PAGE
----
The White House on Tuesday escalated President Trump’s feud with Sen. Bob Corker (R-Tenn.), saying the senator was partially responsible for the Iran nuclear deal.
“Senator Corker worked with Nancy Pelosi and the Obama administration to pave the way for that and rolled out the red carpet for the Iran deal,” White House press secretary Sarah Huckabee Sanders said at a briefing.
Corker’s office said the claim is “not true” and that the Tennessee Republican opposed the Iran deal and worked with lawmakers to craft a bill ensuring Congress could review the deal, against the Obama White House’s wishes.
“He worked with them on the legislation that rolled that out,” Sanders responded. “That’s what helped I think put things in motion. He may have voted against the deal ultimately, but he not only allowed the deal to happen, he gave it credibility. I stand by my statement.”
Trump has called the U.S. nuclear deal with Iran an embarrassment and will announce soon whether he will decertify the pact. He and other top administration officials have said Iran is not complying with the deal.
It appeared that Sanders came ready to criticize Corker at Tuesday’s briefing, repeatedly hammering the retiring senator, who is not seeking reelection in 2018.
Some of Trump’s allies, including former White House chief strategist Stephen Bannon, have called for Corker to resign. Sanders refused to say whether Corker should stay.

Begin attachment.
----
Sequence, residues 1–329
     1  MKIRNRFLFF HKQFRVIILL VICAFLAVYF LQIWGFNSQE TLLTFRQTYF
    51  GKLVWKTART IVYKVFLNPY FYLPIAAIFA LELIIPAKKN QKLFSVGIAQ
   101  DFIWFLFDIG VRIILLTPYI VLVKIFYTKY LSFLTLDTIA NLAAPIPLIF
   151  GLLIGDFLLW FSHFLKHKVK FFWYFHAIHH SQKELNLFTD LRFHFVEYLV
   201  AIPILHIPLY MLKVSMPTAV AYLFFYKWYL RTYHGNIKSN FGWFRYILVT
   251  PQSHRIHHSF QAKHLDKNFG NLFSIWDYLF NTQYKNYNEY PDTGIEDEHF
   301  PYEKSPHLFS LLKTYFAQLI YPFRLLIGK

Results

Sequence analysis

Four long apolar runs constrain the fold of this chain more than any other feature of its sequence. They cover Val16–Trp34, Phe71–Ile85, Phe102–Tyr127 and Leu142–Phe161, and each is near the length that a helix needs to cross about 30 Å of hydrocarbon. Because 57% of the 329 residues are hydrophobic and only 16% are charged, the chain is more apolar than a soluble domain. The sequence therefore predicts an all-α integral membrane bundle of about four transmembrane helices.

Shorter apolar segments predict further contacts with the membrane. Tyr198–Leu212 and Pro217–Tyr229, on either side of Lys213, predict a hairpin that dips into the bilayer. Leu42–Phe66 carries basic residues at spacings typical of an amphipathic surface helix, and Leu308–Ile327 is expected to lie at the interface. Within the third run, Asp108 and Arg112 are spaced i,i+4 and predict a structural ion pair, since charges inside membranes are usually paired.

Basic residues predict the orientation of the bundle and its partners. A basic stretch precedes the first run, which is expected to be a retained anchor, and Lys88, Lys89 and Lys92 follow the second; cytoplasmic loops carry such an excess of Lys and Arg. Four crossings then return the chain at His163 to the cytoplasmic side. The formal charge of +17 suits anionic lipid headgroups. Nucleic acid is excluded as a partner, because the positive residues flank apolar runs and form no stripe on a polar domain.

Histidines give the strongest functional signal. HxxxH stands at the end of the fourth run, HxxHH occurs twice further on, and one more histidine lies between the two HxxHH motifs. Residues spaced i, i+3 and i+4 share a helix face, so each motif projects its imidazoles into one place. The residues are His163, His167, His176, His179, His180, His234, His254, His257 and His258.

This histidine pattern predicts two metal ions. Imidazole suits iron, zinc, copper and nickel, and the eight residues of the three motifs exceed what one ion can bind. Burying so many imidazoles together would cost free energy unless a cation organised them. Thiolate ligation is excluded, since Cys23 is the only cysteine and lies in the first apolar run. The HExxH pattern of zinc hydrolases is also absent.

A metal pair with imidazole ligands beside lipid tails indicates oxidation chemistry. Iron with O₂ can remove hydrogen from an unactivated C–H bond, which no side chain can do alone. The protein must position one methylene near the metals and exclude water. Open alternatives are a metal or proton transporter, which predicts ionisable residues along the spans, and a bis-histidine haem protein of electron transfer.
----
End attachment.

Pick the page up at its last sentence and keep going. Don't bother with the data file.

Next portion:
“I think that’s a decision for Sen. Corker and the people of Tennessee,” Sanders said.
Trump responded Tuesday by mocking Corker’s height.
Sanders on Tuesday bristled at Corker’s criticism, rattling off a list of accomplishments she said Trump has achieved in his first months in office, including new sanctions on North Korea, battlefield gains against the Islamic State and a “vision of principled realism that is creating calm around the world and defeating our enemies.”
“Senator Corker may have an opinion, but the facts certainly don’t lie,” Sanders said. “The president’s been very successful on this front.”
Some Republicans have expressed concern that Trump’s feud with a top-ranking Republican in the Senate could imperil the GOP’s tax reform push. But Sanders said the White House is still hopeful that Corker will be on board.
“Hopefully Sen. Corker, who’s been somebody who’s consistently talked about being a fiscal hawk, presented with responsible cuts, that he would support those,” Sanders said.
And Sanders denied that Trump was alienating himself from Republicans in Congress by feuding with one of their own.
“I don’t think he’s alienated anyone, I think Congress has alienated themselves by not actually getting the job done that the people of this country elected them to do,” Sanders said.
“They all promised and campaigned on repealing and replacing ObamaCare. They haven’t done that. They’ve campaigned on tax reform. Hopefully, we see that happen. We’re certainly committed to that and think we’ll get there.
“But time and time again Congress has made promises and failed to deliver. If anyone’s being alienated, it’s people who are promising things and not delivering on them.”
Since announcing his retirement, Corker has lashed out at Trump, saying in a New York Times interview that the White House is like an adult daycare center and that Trump could lead the country into World War III.